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Instead of wait lists and closed classes, Santa Monica College in California wants to offer premium-priced sections of crowded courses, reports the Los Angeles Times. Students could pay as much as $200 a unit for high-demand courses; the regular rate will be $46 per unit by summer.
Students would be able to use financial aid to pay for the classes, and college officials hope to raise private funds to establish scholarships for needy students.
The 34,000-student Santa Monica campus has one of the highest transfer rates to four-year universities in the state and a reputation for innovative programs that are a model for other community colleges. But some say higher-priced classes are tantamount to privatizing the public institution.
Administrators say the plan is a reaction to drastic state funding cuts, which have forced the campus to pare more than 1,000 class sections since 2008. In the current year, funding was reduced by $11 million. The campus could lose an additional $5 million in the 2012-13 budget year if a tax initiative on the November ballot fails.
The plan is unfair to low-income students, critics charge. And it’s not at all clear that it’s legal, although the college plans to create a nonprofit foundation to run the program.
Premium pricing is not a new idea, notes Community College Dean. Two years ago, Bristol Community College in Massachusetts contracted with a for-profit provider to offer nursing classes at a premium price to students who didn’t want to wait to get into low-cost sections. “It’s the academic equivalent of a next-day shipping option,” the dean writes.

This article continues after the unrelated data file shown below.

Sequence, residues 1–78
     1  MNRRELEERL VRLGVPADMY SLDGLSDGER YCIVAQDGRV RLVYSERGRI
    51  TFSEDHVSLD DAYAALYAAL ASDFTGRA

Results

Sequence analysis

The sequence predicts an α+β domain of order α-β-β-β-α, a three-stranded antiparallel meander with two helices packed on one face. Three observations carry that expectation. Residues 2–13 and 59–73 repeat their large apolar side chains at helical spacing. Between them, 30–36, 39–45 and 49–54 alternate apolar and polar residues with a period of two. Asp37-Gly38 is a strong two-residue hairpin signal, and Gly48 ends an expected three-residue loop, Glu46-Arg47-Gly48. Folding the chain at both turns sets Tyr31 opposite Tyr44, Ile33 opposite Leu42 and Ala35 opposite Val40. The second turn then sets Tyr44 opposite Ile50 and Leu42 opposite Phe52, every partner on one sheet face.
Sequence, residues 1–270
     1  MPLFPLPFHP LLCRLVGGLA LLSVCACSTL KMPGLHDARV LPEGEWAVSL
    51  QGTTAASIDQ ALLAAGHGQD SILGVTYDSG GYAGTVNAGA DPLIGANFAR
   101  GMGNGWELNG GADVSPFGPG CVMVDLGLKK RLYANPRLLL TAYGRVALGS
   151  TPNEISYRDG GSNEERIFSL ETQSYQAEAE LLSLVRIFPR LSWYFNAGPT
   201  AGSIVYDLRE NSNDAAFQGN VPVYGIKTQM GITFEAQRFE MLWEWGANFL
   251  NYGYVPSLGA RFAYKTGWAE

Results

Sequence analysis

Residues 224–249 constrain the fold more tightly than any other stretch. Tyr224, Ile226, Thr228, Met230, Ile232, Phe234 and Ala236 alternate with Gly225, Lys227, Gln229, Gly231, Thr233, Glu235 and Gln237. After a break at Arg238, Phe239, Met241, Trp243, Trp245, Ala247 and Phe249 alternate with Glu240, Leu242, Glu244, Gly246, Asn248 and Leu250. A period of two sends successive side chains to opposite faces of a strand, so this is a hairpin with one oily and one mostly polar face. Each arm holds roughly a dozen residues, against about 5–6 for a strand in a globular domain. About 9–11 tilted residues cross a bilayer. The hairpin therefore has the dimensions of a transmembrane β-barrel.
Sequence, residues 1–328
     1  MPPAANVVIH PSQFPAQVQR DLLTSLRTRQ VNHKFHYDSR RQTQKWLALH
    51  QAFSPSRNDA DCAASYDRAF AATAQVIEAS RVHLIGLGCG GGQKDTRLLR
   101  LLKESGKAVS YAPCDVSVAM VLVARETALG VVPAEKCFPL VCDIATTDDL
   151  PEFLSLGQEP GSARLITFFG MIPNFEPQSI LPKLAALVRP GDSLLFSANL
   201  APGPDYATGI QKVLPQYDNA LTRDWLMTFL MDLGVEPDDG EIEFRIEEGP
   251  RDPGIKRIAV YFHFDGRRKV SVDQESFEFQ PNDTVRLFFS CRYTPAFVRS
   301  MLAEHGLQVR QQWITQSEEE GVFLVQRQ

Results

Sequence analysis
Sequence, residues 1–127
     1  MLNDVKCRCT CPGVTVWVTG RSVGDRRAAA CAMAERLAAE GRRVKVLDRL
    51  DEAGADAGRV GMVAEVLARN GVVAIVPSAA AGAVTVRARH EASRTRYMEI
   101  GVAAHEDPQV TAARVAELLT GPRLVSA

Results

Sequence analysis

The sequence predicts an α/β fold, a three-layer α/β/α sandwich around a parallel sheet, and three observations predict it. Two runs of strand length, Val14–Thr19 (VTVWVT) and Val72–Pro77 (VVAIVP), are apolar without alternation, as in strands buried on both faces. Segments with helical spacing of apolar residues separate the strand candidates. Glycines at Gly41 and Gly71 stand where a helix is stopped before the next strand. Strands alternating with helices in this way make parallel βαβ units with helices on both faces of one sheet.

Community colleges offer services far below cost, using state and local subsidies, the dean explains.
The theory behind the subsidies is that the entire population benefits from having an educated workforce and citizenry, so it’s fair to have the entire population kick in some money.
. . . But when the subsidies don’t track enrollments — which they absolutely have not for many years now — growth is a problem for a college. In the Massachusetts case, student fees didn’t come close to paying for the cost of more nursing seats. In the California case, incredibly enough, the low tuition that students pay goes entirely to the state; the college keeps none of it. In that system, new enrollments are pure cost.
The “express shipping” option already exists for students from wealthy families, who “can buy their way into undistinguished private colleges,” the dean notes. Public colleges are supposed to be the alternative.
Many low-income and minority students enroll in for-profit colleges, which aren’t subsidized and therefore charge much higher tuition than community colleges or public universities. It’s a form of premium pricing. Since for-profit colleges make money from new students, they add courses immediately to meet demand. Students pay more — nearly always with federal aid — and get the classes they need. At the two-year level, for-profit students have much higher completion rates than community college students, so the premium may be worth it. That’s not true for four-year for-profit programs, which have lower completion rates.